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I'm reading the following article from Microsoft's TechNet: Certification Authority Naming

Can someone please help to clarify the following:

In Active Directory Domain Services (AD DS), the name that you specify when you configure a server as a CA becomes the common name of the CA, and this name is reflected in every certificate that the CA issues. For this reason, it is important that you do not use the fully qualified domain name for the common name of the CA. This way, malicious users who obtain a copy of a certificate cannot identify and use the fully qualified domain name of the CA to create a potential security vulnerability.

Why does certification authority (CA) name should never be the same as the server's computer name (NetBIOS or DNS / hostname) and what are the risks?

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Default common name naming scheme in ADCS is <DomainName>-<CAHostName>-CA. For very small and purely internal scenarios would work, however this scheme exposes at least two properties: internal Active Directory domain name and host name. Moreover, if CA sits on a domain controller, it may reveal the domain controller name. For example, Contoso-DC1-CA would tell that internal domain name is Contoso, CA host name is DC1. Thus we can guess that this server also acts as a domain controller. In some terms, this would be a great start for an attacker in internal structure learning.

In addition, default Distinguished Name suffix contains full X.500 path to a domain where CA resides. For example, DC=HQ, DC=Int, DC=Contoso, DC=com. Here we can identify, that company Contoso has at least three AD domains in the LDAP tree: top domain is Contoso (most likely, organization name), child domain is Int (presumably, Internal) and subchild is HQ (presumably, Headquarters)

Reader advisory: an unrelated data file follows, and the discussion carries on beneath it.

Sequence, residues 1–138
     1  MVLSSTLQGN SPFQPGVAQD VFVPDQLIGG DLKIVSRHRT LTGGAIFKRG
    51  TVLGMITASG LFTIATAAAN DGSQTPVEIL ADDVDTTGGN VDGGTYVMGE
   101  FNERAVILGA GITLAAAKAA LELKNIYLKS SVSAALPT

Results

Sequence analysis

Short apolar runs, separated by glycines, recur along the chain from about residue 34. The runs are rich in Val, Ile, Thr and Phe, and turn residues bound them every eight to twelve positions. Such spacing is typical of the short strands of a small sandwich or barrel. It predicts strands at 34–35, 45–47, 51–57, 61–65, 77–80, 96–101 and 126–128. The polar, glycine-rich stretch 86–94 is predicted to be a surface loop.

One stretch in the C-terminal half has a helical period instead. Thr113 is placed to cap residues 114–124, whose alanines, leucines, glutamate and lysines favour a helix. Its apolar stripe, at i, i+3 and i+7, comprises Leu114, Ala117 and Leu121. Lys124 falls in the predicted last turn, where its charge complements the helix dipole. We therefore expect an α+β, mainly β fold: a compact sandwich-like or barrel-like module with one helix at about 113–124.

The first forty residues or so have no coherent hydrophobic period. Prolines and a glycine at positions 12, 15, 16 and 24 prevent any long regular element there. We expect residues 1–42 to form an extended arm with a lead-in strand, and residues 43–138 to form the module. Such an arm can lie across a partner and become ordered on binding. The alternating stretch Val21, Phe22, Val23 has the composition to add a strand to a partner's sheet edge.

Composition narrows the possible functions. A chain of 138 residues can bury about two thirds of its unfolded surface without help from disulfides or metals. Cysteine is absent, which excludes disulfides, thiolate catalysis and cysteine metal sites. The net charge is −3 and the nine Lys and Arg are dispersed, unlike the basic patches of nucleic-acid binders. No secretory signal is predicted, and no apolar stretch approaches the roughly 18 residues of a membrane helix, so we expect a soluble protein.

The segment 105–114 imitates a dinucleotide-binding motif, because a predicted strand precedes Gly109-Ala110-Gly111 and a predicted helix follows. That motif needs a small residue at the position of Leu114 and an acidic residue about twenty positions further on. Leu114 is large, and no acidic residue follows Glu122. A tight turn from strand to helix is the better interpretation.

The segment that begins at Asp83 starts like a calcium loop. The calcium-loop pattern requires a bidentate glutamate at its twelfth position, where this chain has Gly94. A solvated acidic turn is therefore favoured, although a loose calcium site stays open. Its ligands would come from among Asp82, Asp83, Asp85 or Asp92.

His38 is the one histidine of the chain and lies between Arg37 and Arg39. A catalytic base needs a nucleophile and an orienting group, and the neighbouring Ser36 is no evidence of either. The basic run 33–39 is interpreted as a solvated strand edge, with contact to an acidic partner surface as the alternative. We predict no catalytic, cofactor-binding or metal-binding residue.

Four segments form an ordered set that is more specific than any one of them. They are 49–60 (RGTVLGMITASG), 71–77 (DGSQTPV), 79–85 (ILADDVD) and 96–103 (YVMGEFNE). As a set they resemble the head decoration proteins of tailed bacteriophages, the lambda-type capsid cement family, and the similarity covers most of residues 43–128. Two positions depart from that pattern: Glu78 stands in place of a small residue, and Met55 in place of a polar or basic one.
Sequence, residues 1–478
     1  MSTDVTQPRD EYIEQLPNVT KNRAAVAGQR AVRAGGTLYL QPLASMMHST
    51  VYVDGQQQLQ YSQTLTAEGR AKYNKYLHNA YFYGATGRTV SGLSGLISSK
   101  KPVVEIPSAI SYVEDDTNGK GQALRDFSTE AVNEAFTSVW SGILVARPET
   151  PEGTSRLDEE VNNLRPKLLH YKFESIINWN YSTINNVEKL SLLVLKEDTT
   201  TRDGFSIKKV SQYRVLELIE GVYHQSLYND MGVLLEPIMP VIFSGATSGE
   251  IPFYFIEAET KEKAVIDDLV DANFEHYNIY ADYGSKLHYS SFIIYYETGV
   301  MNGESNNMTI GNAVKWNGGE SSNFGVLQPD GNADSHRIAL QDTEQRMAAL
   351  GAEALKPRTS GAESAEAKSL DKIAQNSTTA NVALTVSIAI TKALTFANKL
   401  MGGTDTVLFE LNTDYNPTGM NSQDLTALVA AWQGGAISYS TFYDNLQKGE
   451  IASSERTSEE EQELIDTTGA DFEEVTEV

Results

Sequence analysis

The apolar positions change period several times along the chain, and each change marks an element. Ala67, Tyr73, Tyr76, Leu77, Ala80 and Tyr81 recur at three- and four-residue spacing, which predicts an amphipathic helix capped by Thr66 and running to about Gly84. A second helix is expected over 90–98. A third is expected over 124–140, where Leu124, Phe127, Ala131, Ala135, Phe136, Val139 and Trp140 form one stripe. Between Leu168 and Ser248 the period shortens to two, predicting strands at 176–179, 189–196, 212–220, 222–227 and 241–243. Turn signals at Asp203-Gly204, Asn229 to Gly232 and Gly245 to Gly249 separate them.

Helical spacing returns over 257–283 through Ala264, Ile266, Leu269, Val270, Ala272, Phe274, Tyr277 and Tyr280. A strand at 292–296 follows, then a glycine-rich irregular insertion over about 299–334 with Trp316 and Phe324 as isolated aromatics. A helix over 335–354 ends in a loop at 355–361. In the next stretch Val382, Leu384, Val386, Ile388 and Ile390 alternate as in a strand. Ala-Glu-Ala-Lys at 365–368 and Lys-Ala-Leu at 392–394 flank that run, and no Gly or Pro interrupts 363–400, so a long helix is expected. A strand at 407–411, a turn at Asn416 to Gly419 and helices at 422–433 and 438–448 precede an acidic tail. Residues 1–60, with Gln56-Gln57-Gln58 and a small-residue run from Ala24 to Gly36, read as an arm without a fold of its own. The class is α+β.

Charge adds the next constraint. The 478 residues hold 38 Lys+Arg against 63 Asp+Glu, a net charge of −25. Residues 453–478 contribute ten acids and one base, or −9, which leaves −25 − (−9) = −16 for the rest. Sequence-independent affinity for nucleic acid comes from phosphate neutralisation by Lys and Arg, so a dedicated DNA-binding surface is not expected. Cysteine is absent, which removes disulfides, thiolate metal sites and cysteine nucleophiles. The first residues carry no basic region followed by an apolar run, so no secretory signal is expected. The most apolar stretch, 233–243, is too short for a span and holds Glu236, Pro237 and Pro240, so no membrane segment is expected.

However, security risks are not that dangerous, because in many cases it is easier to retrieve this (and much more) information in other ways. For example, investigating client certificates, use social engineering tools and so on. Naming recommendations play huge role in flexibility. When CA is sticked to a particular domain and host name, it would be very hard to move CA somewhere else (due to reorganizations) and CA name information would be misleading for corporate users. Eventually, you will have to decommission CA server and move clients to a new CA on a new place.

As a result, it is recommended to build your CAs as they are not tied to any specific domain. Though, organization information shall be included.

Suppose, you are implementing 2-tier ADCS in Contoso Pharmaceuticals and planning to deploy it in the hq.int.contoso.com and west.int.contoso.com domains, then you could use the following names for offline root CA and online issuing CAs:

Root CA common name:
    CN=Contoso Pharmaceuticals Root CA
    OU=Security Division
    O=Constoso Pharmaceuticals Ltd.
    L=Philadelphia
    S=PA
    C=US
Issuing CA (headquarters) common name:
    CN=Contoso Pharmaceuticals Class 3 Client CA
    OU=Security Division
    O=Constoso Pharmaceuticals Ltd.
    L=Philadelphia
    S=PA
    C=US
Issuing CA (west branch) common name:
    CN=Contoso Pharmaceuticals West Coast Class 2 Client CA
    OU=Security Division
    O=Constoso Pharmaceuticals Ltd.
    L=San Francisco
    S=CA
    C=US

This scheme does not reveal internal names and is not tied to any Active Directory domain, in result, it will be easy to perform CA server migration across domains and trees and even forests during reorganizations. On the other hand, they provide enough information to identify the organization who owns these CAs and may provide users some clues about CA location to select the nearest CA. Location addresses are not necessary (because they can be retrieved from public sources), but might be required by laws. At a minimum, Organizational Unit, Organization and Country RDN attributes must be specified in the DN suffix.

ADCS naming is important, but many administrators forget about another thing where naming is important: Authority Information Access and CRL Distribution Points certificate extensions. Default naming scheme reveals much more information (to a potential attacker) than default CA name. And it is hard to migrate CA somewhere else with default CDP and AIA locations. Some time ago I wrote a guide that uses best practices on CDP/AIA URL naming schemes. This might be helpful for you as well: Designing CRL Distribution Points and Authority Information Access locations

  • Thank you so much CryptoGuy! This have answered my question with great details. – DaveIce Aug 7 '16 at 10:24

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